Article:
UTMA Unhappiness

Irrevocable gifts to minors don’t always work out.

Think twice before creating an UTMA account. Custodial investment accounts permitted under the Uniform Transfers to Minors Act (UTMA) allow families to gift assets to a child without having to set up a trust. In addition to that convenience, an UTMA can offer a distinct tax advantage to parents. While such perks are nice in the present, the bigger question is what will happen to those assets down the road.1

What potential benefits do UTMA accounts offer to families? Assets in an UTMA account (or UGMA account, the earlier version still used in a few states) are owned by the child, not the parents. As a result, UTMA investment income is generally taxed at the child’s tax rate instead of the parents’ tax rate. That can mean big savings – unless the “kiddie tax” strikes.1,2

In 2013, the first $1,000 earned by an UTMA account is tax-free, providing that child has no other income and is younger than 19 (or younger than 24 and a full-time student whose unearned income does not provide 50% of his/her support). The next $1,000 of investment income from the UTMA is taxed at the child’s tax rate. The kiddie tax kicks in at the $2,000 threshold: account earnings above $2,000 are taxed at the parents’ top marginal tax rate and become part of the parents’ taxable income. (One asterisk: all income will be reported on the child’s tax return if he or she is age 19 and not a student, or age 24 regardless of student status.) Practically speaking, wealthy families can potentially see tax savings via an UTMA account by shifting ownership of some fixed-income securities in a portfolio to a child. As capital gains and dividends aren’t taxed as ordinary income, there is a little less merit in passing such investment income off to a minor.1,3

College keeps growing more expensive, and certain families are just too wealthy to be eligible for financial aid. Some parents create UTMA accounts in response to this dilemma. 3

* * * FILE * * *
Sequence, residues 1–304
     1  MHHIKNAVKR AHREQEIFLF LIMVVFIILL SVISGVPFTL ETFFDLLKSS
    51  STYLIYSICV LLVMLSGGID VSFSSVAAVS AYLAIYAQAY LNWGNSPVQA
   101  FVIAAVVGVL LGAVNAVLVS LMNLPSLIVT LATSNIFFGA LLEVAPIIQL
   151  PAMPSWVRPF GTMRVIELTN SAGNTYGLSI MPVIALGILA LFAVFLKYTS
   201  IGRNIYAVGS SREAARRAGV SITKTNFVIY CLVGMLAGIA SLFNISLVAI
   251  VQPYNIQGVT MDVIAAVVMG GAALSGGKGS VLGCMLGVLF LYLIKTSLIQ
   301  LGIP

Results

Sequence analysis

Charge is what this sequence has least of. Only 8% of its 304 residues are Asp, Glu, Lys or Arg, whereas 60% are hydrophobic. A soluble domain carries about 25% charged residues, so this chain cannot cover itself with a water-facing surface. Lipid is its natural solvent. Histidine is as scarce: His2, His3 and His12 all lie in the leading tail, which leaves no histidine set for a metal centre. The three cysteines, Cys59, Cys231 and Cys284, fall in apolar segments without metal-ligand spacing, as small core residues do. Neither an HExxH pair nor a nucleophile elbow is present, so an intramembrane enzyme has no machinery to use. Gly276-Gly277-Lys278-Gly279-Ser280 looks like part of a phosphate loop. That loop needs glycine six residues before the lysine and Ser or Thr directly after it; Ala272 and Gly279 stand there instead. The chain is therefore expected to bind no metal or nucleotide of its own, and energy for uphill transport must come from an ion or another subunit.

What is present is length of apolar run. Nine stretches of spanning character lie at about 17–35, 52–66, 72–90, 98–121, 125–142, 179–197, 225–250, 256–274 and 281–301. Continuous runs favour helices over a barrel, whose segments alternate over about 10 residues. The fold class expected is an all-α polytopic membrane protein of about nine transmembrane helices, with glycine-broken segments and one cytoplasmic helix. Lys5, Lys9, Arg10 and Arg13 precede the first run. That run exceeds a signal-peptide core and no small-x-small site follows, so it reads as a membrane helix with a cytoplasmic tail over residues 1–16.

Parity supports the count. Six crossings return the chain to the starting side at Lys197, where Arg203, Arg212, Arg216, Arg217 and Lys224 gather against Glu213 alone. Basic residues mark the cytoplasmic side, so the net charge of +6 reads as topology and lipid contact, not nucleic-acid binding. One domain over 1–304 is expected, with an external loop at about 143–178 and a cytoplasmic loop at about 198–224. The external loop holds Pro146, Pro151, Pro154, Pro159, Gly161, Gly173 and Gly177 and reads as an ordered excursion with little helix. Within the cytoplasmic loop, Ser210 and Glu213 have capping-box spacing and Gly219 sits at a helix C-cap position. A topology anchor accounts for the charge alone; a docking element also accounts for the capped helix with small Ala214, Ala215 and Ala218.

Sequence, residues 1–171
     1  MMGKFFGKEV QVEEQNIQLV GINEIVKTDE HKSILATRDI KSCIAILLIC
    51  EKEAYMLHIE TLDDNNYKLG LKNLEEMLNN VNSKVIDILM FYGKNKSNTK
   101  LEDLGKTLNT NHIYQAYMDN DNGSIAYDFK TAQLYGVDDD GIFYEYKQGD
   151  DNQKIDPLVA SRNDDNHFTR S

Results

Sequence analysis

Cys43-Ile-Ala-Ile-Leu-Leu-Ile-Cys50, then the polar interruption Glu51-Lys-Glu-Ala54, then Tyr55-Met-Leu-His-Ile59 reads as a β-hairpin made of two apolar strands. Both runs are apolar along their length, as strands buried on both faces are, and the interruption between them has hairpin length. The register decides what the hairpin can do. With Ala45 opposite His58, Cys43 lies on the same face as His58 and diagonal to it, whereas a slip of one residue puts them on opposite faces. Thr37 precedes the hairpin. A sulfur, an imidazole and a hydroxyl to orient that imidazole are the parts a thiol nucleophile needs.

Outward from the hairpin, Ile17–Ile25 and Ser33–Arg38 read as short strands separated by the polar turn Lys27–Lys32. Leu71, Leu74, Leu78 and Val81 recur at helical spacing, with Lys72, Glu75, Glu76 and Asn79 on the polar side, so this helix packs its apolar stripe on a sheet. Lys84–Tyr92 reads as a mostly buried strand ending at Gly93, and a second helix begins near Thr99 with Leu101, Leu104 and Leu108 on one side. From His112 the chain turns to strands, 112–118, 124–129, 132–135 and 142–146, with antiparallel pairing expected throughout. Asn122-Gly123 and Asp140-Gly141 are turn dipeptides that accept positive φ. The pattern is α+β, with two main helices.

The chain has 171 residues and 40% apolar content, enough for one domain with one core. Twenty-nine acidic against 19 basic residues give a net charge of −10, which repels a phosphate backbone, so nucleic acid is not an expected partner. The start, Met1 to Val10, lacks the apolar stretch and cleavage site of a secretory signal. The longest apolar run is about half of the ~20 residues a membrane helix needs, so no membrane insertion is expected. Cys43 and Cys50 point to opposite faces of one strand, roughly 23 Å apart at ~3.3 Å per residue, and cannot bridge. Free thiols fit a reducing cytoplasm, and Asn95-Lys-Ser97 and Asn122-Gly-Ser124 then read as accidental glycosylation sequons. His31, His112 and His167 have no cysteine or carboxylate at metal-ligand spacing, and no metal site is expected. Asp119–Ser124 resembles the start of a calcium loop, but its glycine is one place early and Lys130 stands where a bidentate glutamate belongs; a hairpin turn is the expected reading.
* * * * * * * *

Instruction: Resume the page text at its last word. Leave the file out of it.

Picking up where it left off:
What are the potential drawbacks of UTMA accounts? First of all, the gifts and transfers you make to the minor via the account are irrevocable. The adult custodian only has control over those assets until the minor turns 18 (though UTMA custodianships can last up to age 21 or age 25 in some states).1

Once the UTMA custodianship ends, the young adult now in control of the assets can use those assets for any purpose. Anything. What was once seen as a college savings fund may potentially “go to waste” on trivial pursuits.4

Many affluent families assume that their children can’t qualify for college loans, and that their kids are out of the running for need-based scholarships and grants. This often proves inaccurate. So if you aren’t yet a multimillionaire, there may not be much reason to have an UTMA account as a college savings fund – it may reduce your student’s eligibility for aid. College financial aid formulas usually demand that students contribute more of their total assets to college costs each academic year (in the neighborhood of 20-25%, sometimes as much as 35%). Parents are typically asked to contribute a much lower percentage of their total assets per year. While there may be a silver lining in proceeding through college with less financial aid (i.e., lower student loan debt for the future), it still amounts to “good debt”.1,2,4

UTMA accounts are hardly the only option. If you want to make a gift to a child or help a child save for college, in the end you may determine that a trust, a Coverdell ESA or a Roth IRA represents a more appropriate choice. If you have questions about saving for college or retirement please feel free to call.



1 – individual.troweprice.com/public/Retail/Products-&-Services/College-Savings-Plans/Gifts-&-Transfers-to-Minors [5/16/13]
2 – forbes.com/sites/baldwin/2013/02/28/using-utma-and-ugma-accounts-for-college/ [2/28/13]
3 – cbsnews.com/8301-505123_162-57581648/investment-accounts-for-kids/ [4/26/13]
4 – smithbarney.com/products_services/planning_services/education_planning/custodial_accounts.html [5/16/13]
5 – individual.troweprice.com/public/Retail/Planning-&-Research/College-Planning/Which-Option-is-Right-for-Me [5/16/13]

All information is believed to be from reliable sources; however we make no representation as to its completeness or accuracy. Please note – investing involves risk, and past performance is no guarantee of future results. The publisher is not engaged in rendering legal, accounting or other professional services. If assistance is needed, the reader is advised to engage the services of a competent professional. This information should not be construed as investment, tax or legal advice and may not be relied on for the purpose of avoiding any Federal tax penalty. This is neither a solicitation nor recommendation to purchase or sell any investment or insurance product or service, and should not be relied upon as such. All indices are unmanaged and are not illustrative of any particular investment. This material was prepared by MarketingLibrary.Net Inc., for Mark Lund and independent Investment Advisor, Investor Coach and author of The Effective Investor. Located in Salt Lake City and Provo Utah.